CCAC Attends USMEF Conference

On November 10-12, 2022, the United States Meat Export Federation held their Annual Strategic Planning Meeting in Oklahoma City, Oklahoma where members gathered to hear updates on the current trade programs and their impact on red meat exports. CCAC Executive Director Nicholas Colglazier and CCAC President Rod Hahn attended the meeting.

One highlight of the conference was Randy Blach of Cattlefax. Blach spoke about the interdependence of cattle and corn. On corn, Blach spoke to his belief that corn prices would remain strong through 2023 for two reasons. The first reasons being the conflict in Europe and the second the drought affect on corn production. He forecasted that the grain basis will remain strong into the 2023 summer months.

Looking to the future in the cattle industry, he felt the fed cattle and beef supply will be significantly smaller from now until 2025 because of females raised to join in the cow/ calf operations are not being retained because of the drought conditions in the high plains region. Demand for processed beef has been strong but that demand could weaken in the next few years.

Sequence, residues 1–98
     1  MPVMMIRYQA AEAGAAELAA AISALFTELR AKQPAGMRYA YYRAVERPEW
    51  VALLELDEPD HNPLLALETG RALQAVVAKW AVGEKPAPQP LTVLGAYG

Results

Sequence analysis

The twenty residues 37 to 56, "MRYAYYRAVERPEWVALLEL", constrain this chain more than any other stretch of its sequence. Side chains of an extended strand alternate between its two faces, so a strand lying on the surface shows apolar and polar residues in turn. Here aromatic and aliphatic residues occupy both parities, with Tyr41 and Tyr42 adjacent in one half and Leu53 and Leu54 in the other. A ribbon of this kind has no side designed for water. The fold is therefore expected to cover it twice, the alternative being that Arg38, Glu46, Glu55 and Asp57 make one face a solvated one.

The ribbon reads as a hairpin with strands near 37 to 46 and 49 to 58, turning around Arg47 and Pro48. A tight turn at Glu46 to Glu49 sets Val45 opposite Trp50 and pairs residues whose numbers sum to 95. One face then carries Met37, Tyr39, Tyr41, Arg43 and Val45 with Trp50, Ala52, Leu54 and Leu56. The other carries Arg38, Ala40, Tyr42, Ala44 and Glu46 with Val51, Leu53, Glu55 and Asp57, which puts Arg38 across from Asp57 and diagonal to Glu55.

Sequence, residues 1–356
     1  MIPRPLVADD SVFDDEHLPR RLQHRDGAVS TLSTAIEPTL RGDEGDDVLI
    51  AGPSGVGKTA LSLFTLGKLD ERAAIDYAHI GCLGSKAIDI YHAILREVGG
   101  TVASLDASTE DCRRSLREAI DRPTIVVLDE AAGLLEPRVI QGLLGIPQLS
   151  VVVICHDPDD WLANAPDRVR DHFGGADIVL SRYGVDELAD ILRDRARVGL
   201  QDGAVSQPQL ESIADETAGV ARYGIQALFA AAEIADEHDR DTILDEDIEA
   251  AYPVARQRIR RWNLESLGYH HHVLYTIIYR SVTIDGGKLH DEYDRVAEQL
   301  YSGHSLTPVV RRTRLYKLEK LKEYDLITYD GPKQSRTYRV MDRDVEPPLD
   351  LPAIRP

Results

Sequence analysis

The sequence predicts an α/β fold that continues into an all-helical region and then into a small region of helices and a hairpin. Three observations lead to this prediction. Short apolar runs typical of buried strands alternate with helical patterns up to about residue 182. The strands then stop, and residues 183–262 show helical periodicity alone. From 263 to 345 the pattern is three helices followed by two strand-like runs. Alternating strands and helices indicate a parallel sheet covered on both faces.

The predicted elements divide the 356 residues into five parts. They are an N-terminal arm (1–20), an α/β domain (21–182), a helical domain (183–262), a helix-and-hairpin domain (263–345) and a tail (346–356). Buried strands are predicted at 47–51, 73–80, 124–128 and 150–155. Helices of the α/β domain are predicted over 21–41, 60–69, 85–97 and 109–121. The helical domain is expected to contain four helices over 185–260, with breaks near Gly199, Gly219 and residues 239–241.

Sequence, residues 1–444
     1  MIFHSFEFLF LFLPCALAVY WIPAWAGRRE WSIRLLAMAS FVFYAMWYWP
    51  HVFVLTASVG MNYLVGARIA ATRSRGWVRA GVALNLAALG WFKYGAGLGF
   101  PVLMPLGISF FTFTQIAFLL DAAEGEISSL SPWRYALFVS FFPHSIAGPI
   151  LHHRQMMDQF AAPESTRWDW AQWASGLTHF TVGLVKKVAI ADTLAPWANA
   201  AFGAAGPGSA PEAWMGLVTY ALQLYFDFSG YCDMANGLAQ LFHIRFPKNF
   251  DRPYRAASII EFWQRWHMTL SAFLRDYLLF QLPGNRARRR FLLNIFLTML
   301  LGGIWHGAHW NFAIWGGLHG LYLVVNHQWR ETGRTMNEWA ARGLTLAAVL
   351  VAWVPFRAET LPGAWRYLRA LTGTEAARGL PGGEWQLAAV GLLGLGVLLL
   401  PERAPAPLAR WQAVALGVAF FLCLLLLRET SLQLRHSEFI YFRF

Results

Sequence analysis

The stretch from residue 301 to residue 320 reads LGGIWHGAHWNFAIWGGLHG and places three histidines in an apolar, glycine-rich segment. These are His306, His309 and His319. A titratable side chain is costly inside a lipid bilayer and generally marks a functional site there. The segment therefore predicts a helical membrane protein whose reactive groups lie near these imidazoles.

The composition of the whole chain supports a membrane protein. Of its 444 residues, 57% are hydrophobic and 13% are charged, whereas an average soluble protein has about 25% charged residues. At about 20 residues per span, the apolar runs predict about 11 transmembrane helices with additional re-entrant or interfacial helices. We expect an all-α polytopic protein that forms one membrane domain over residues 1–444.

Blach forecasted exports overseas will likely moderate due to the shrinking supply of beef, causing a price increase and a strong US dollar. Because of increasing cost of production (inflation, fuel, and feed cost being be contributors), total meat production could moderate. Price of cattle could be record highs in the next 3-4 years and there should be a good chance for the cow/calf rancher to make good profits in the next few years.

For the Colorado corn producers, Mexico is a vitally important agriculture export partner as a large portion of our ag products end up there. Issues affecting these exports are the energy dispute, perishable 301 petition, and President Lopez Obrador’s biotech ban. Resolution of issues will affect future trade. Other trade problems discussed were the rail and shipping obstacles , supply chain issues getting some resolution, air freight trade, and labor hiring problems in all areas.

Overall, the atmosphere was a positive one. Despite some headwinds impacting beef exports, annual records are still within reach and it was nice to see updates on the two USMEF beef programs in South Korea and Mexico which are funded in part by Colorado corn checkoff dollars. Meanwhile, pork exports are down slightly, mainly due to a steep decline in exports to China. However, there has been significant growth in the Dominican Republic, the Bahamas, Columbia and ASEAN regions, showing the strength in the diversity of the USMEF export programs. USMEF also spoke about the emerging markets in Africa and the incredible potential there.